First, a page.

Thomas Coleman "Cole" Younger (January 15, 1844 - March 21, 1916) was an American Confederate guerrilla during the American Civil War and later a notable outlaw with the James-Younger gang. He was the elder brother of Jim, John and Bob Younger.
Thomas Coleman "Cole" Younger, born on 15 January 1844, and was a son of Henry Washington Younger, a prosperous farmer from Greenwood, Missouri and Bersheba Leighton Fristoe, daughter of a prominent Jackson County farmer. Cole was the seventh of 14 children.
During the American Civil War, savage guerrilla warfare wracked Missouri. On July 20, 1862, Henry Younger, who reportedly was pro-Union, was killed by a detachment of Union militiamen whose Captain Walley was said to have been soundly beaten by Cole for a remark he had made to Cole's sister. Walley was a married man at the time and the Younger daughter refused his advances. The killing of his father, by Walley and his soldiers, is believed to have been what drove Cole Younger to become a pro-Confederate soldier. (He was already a guerrilla under Quantrill.) The fighting in Missouri during the Civil War was largely between pro-Union and pro-Confederate Missourians, though the bushwhackers held special hatred for the Union troops from Kansas who frequently crossed the border and earned a reputation for ruthlessness. Younger joined the notorious bushwhacker leader William Clarke Quantrill in a raid on August 21, 1863, taking part in the slaughter of some 200 men and boys at Lawrence, Kansas, which the guerrillas looted and burned. No women were harmed in this raid.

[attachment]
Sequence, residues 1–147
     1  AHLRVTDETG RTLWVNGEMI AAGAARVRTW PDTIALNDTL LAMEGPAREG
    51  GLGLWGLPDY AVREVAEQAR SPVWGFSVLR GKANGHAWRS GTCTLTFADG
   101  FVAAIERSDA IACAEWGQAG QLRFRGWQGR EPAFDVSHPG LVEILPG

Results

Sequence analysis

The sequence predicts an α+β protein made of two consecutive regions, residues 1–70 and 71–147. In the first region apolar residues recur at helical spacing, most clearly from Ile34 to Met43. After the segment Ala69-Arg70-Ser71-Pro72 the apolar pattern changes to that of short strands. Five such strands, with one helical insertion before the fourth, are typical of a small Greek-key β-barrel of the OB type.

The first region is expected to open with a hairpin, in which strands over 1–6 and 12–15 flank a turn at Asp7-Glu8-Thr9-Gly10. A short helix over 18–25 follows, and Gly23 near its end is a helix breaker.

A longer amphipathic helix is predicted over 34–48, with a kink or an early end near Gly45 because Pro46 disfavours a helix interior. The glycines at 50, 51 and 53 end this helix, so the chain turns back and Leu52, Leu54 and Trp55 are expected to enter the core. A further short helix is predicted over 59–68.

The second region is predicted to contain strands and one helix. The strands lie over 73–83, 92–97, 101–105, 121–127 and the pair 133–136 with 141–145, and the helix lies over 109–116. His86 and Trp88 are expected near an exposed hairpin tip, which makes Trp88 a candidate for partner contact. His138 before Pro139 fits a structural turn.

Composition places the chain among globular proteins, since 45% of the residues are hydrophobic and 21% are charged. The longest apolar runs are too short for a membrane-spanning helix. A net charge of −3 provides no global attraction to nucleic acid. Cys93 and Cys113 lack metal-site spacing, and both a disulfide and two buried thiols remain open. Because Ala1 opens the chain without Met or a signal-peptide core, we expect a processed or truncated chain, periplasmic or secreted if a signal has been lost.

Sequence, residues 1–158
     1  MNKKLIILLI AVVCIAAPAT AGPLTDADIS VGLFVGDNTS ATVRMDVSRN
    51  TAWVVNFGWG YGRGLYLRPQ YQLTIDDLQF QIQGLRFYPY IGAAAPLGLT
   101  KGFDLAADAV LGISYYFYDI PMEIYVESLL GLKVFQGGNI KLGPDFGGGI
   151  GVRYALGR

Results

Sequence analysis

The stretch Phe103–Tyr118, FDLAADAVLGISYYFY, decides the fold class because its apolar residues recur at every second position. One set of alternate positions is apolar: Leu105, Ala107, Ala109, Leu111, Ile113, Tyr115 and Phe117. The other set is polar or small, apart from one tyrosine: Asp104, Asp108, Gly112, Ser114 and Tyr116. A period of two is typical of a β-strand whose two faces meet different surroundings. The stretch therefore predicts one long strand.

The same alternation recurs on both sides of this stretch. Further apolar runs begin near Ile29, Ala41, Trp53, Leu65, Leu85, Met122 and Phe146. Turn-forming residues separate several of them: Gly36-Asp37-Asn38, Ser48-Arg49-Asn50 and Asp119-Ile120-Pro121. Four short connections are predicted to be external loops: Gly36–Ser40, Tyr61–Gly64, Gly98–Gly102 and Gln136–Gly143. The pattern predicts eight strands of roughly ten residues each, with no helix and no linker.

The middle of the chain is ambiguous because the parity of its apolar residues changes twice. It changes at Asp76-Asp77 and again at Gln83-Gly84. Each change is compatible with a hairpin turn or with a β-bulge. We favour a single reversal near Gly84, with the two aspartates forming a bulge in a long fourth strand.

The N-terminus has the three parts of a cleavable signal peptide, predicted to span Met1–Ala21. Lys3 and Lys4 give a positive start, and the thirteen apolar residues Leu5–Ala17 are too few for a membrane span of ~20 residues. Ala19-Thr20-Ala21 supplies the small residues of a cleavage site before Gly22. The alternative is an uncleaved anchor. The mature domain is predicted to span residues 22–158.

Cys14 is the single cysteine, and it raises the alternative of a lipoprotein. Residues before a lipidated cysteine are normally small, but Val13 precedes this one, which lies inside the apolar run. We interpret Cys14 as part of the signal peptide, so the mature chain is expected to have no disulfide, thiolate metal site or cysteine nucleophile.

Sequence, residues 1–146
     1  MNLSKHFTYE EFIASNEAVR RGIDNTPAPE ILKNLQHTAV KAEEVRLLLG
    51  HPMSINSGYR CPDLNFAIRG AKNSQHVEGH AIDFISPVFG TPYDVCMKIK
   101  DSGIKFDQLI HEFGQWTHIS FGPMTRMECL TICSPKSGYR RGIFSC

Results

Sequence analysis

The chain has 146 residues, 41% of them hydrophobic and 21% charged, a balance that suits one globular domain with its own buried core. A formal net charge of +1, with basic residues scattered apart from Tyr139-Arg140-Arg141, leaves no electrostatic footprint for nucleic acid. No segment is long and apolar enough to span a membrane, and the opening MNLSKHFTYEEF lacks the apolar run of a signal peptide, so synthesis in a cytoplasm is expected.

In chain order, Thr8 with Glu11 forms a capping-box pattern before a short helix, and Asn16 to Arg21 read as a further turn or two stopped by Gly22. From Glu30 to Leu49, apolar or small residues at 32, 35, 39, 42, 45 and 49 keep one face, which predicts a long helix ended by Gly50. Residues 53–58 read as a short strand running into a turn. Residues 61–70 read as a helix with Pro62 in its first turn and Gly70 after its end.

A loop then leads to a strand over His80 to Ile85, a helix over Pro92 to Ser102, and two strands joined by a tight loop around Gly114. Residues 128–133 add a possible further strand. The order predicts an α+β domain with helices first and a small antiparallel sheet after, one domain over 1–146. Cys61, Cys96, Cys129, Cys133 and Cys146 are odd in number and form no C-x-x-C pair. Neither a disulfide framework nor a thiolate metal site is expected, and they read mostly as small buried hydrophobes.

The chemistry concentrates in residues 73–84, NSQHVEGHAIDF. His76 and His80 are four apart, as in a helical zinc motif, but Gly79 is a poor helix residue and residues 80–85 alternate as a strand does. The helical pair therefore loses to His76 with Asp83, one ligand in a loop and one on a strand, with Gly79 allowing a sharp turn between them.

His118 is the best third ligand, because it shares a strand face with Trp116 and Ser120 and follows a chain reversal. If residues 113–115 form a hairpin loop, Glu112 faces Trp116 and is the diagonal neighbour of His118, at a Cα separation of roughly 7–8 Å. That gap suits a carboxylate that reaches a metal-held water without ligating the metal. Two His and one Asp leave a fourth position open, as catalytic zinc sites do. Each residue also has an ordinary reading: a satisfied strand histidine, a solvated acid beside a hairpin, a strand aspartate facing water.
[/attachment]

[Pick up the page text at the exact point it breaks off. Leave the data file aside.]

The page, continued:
The Missouri Bushwackers ventured into Kansas in retaliation as Walley and his men caused a two-story building located between 14th and 15th streets on Grand Avenue to collapse and kill nearly 25 women who were in custody there for providing assistance to Missouri bushwackers in some earlier raids into Kansas. Two of these were cousins, and three were Cole's sisters. The first story of the building was a grocery store but the grocer managed to get all of his inventory out of the place just before it collapsed.